By Jessica Easthope
Sean Conaboy doesn’t consider himself a hero, he says his act of bravery wasn’t an act at all – it was instinct.
“I’ve come to the conclusion there was no alternative and I’m glad I didn’t stop to think – because if I had it would have been too late to act,” he said.
Now that instinct is being recognized by Bishop Nicholas DiMarzio and Bishop Kevin Sweeney of Paterson, the priest Conaboy heard preach for years at his home parish, St. Michael’s in Sunset Park, Brooklyn.
“As St Francis said we should all preach and only when necessary use words and Sean gave an incredible homily by responding to the need of someone who was being hurt,” said Bishop Sweeney.
Conaboy was presented with a medal, Tuesday, to honor the way he put God’s words into action. Back in May a man with a knife stabbed a woman on a subway platform. Conaboy didn’t just step in – he tackled him and stopped the attacker from going back for more, even though he tried.
“It simply comes from compassion to help another person who at that point is defenseless,” Conaboy said.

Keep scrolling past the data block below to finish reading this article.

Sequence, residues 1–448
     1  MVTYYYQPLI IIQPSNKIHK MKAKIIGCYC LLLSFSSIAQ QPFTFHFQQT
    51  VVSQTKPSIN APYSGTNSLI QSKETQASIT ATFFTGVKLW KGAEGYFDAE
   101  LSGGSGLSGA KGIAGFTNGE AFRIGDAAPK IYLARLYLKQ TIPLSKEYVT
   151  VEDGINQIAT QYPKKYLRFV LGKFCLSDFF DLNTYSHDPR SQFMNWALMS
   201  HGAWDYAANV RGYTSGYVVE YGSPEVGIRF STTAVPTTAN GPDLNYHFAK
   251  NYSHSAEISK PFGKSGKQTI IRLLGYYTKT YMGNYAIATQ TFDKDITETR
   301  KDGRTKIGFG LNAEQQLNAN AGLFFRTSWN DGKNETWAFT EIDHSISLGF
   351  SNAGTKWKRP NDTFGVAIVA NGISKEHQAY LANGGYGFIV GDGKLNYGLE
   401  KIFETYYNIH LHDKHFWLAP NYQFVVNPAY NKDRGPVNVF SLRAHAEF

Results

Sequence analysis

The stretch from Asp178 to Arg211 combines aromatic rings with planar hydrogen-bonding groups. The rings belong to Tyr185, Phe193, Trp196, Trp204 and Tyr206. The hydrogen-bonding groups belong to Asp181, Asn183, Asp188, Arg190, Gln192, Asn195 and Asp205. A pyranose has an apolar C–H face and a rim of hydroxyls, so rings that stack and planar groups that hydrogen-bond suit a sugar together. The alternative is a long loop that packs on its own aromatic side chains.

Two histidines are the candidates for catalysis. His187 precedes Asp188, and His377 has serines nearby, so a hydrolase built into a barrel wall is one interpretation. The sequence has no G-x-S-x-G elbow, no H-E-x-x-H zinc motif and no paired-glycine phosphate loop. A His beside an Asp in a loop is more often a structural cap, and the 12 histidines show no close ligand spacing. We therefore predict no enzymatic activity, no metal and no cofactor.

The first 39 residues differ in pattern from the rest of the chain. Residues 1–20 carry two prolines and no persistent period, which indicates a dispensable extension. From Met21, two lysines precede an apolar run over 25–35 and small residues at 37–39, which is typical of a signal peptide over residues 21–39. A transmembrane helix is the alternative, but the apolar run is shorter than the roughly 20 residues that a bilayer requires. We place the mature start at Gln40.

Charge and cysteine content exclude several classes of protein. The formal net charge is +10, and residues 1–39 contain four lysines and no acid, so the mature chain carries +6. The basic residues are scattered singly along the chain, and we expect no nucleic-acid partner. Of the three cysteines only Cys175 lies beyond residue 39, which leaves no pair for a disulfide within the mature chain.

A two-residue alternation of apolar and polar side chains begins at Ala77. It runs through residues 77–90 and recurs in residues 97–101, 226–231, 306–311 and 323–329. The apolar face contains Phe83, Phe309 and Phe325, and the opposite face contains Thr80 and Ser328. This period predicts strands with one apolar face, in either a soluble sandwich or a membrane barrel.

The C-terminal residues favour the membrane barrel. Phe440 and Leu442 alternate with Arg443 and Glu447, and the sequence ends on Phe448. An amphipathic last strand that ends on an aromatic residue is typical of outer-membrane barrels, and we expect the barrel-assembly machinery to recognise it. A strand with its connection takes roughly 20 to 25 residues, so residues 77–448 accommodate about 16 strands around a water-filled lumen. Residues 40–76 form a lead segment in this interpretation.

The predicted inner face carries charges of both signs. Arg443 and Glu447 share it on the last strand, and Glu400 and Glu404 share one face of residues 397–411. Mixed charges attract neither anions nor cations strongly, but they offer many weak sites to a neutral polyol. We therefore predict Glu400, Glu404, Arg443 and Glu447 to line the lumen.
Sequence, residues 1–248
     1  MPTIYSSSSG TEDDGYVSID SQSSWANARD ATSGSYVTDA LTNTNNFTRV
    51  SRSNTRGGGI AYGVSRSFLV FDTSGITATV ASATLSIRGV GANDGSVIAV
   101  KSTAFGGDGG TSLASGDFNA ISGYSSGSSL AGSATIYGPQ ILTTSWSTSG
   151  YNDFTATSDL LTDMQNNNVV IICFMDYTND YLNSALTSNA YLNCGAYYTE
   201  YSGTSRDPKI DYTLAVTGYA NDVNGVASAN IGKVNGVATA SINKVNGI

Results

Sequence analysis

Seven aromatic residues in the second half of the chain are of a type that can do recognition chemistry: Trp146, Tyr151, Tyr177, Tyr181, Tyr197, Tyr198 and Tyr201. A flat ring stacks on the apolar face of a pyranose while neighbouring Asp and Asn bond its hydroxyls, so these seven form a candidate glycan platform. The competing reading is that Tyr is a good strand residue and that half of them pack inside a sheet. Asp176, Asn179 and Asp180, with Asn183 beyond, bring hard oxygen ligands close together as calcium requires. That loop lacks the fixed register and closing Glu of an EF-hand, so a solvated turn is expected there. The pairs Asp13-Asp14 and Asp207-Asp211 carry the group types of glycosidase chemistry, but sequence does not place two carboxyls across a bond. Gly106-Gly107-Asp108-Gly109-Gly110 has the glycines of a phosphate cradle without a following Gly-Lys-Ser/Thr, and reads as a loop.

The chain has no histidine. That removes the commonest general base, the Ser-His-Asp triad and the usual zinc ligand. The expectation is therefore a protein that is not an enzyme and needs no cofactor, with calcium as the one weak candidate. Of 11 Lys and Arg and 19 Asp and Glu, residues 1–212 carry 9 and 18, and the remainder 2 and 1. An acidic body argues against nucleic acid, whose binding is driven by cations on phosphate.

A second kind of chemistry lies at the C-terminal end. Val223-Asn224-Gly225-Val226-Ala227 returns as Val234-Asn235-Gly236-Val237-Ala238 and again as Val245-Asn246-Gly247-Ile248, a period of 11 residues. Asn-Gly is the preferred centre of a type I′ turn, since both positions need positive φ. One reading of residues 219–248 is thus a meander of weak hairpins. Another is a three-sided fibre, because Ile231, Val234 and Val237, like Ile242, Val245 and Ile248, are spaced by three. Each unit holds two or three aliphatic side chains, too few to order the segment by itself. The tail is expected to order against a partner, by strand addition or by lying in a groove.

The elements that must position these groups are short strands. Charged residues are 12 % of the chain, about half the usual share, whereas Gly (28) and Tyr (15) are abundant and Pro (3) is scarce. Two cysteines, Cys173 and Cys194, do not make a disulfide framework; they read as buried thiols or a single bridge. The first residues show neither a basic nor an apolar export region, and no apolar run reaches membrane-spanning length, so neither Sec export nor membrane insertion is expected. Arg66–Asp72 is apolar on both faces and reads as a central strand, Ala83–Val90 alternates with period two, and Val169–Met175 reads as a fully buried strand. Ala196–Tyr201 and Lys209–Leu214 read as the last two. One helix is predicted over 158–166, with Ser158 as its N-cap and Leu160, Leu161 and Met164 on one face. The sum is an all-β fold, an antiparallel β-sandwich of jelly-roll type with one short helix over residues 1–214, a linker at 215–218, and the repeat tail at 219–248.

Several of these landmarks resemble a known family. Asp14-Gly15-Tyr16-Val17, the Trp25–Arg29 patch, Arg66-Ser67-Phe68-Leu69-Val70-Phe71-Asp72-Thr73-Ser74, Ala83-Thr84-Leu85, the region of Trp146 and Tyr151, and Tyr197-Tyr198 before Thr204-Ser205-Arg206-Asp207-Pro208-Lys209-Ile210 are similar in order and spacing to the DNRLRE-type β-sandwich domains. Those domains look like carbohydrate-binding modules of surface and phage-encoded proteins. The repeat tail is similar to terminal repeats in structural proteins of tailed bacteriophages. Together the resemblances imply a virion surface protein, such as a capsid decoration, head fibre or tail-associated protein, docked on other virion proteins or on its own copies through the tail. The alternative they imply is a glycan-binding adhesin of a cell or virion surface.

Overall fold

The entire incident lasted just 60 seconds. Bishop Nicholas DiMarzio says he showed all New Yorkers can be Good Samaritans.
“We can be kind of gruff sometimes as New Yorkers but deep down when people are in need we come to the rescue, I’ve seen the good side we can’t just look at the façade,” Bishop DiMarzio said.
Conaboy’s spent his career behind the camera as news photographer, so the attention he’s garnered from his selfless act is foreign. But he is using his new found platform to offer those on the platform some advice.
“Had I been engrossed in my headphones or phone and responded to a scream it would have been too late, I think people need to be a bit more alert in their daily comings and goings,” said Conaboy.
Thankfully the victim, Kelli Daley has made a full recovery. Reflecting on the attack, Conaboy says moments to put faith into action happen every day – all you have to do is look up.